Tom Daley just did more for gay culture by lying back on a couch than thousands of hours of diligent campaign work could ever hope to achieve.
The Olympic diver's statement, delivered through YouTube, that he was dating a guy will have probably surprised few people.
What was truly special about the announcement was the way in which it was made. There was no sombre, set-piece, media-event TV interview. There was none of the fevered, front page hysteria which would have greeted a newspaper exclusive.
Instead, Daley appeared relaxed, confident and, most importantly, informal. By lying back as he delivered the statement, in what appeared to be a room with just him and his camera phone, he undercut the almost-religious importance the media and political class give to this topic.
Instead, he was just a guy, chatting about his sexuality openly and optimistically.
"I still fancy girls, of course," he said, without any hint of cheekiness or machismo.
This is the language of shrugging your shoulders, of something becoming so obvious it does not warrant controversy. It is a major victory and a glimpse of a world where legislation will be as far removed from the gay debate as spanners are from sandwiches.
It was indicative of how young people talk about sexuality: as something which resists the firm definitions of 'gay', 'straight' and 'bi'. And as something which is not worthy of the solemn tone of the Westminster bubble, where defenders and opponents of gay rights treat the matter as if it were some great issue of state.
Instead, this was a guy discussing what he liked and felt comfortable with, in an uncertain, matter of fact tone, while lying back, relaxed, with union jack cushions in the background.
It felt like a seismic shift, not in the facts of the debate, but in its manner.
Daley's relaxation and confidence and the lack of importance he seemed to attach to it should be considered a major victory for gay rights campaigners. It shows how far they've come.
This is the upside to a celebrity-fixated, PR-obsessed world. One celebrity lying back as he chats about who he's dating can make a tangible difference to the lives of millions.
If I were an opponent of gay rights, Daley's relaxed manner would scare me more than any piece of legislation.
Even their own leaders realise it now. Yesterday, former Archbishop of Canterbury Lord Carey admitted the Church of England is just "one generation away from extinction".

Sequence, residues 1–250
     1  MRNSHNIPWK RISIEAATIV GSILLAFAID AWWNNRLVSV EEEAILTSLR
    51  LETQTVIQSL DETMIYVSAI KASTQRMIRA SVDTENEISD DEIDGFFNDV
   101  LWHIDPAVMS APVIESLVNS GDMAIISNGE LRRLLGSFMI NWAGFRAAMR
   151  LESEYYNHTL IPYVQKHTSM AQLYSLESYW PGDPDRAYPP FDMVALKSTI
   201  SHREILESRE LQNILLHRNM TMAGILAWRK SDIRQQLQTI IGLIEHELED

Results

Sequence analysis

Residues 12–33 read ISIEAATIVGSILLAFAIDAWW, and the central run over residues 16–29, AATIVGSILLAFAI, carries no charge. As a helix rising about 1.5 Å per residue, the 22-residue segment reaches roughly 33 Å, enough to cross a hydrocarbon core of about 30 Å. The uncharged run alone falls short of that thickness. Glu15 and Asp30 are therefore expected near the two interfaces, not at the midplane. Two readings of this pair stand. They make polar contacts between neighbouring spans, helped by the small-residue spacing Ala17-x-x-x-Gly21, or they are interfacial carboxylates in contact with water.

According to a Tearfund Survey from 2007, two-thirds of adults in this country now have no connection with the Church, or any other religion. Regular church attendance stands at six per cent - down five per cent since the 80's. By 2020 it is predicted to stand at four per cent. The average age of the congregations gets steadily older. It was 37 in the eighties. It's 51 now. British religion is literally dying out.
Nevertheless, the religious occupy a space in the political and cultural discourse of this country which is completely at odds with the public's lack of interest in them. Earlier this month, the Lord's Prayer and a short sermon hijacked the Remembrance Service at the Cenotaph, turning a sombre moment into another opportunity to evangelise.
Every morning, Britain's most popular current affairs programme, the Today programme, makes way for a religious figure to deliver a 'thought for the day' – a privilege not afforded to the non-religious. And, in a piece of constitutional decrepitude, we still have done nothing to finally sever the link between Church and state.
The Queen sits at the head of both institutions, her position only tolerable for its laughable absurdity. The bishops still sit - unelected, unwanted and unloved - in the House of Lords. They make a laughing stock of Britain's claims to be a leading democracy.
This week, the General Synod meets to discuss matters which no thinking adult could possible countenance. Watching them argue about sexuality and gender is like trying to teach a caveman to use chopsticks. Why should we have any interest if they think a woman is entitled to hold a particular role, if gay people are allowed to pursue their happiness?
They are an echo of the past. They are of interest only as historical curiosities - a walking museum.
We do not have submit to the increasingly shrill and angry campaigning of the new atheist movement to rid ourselves of religion. Religion does not make someone a bad person.
It is perfectly obvious that Carey's successors, Rowan Williams and Justin Welby, are civilised, highly intelligent and conscientious men. It is clear that the new pope is a man of good will and compassion. Vicky Beeching, a new addition to the 'thought for the day' roster, has a generous and kind way of looking at the world.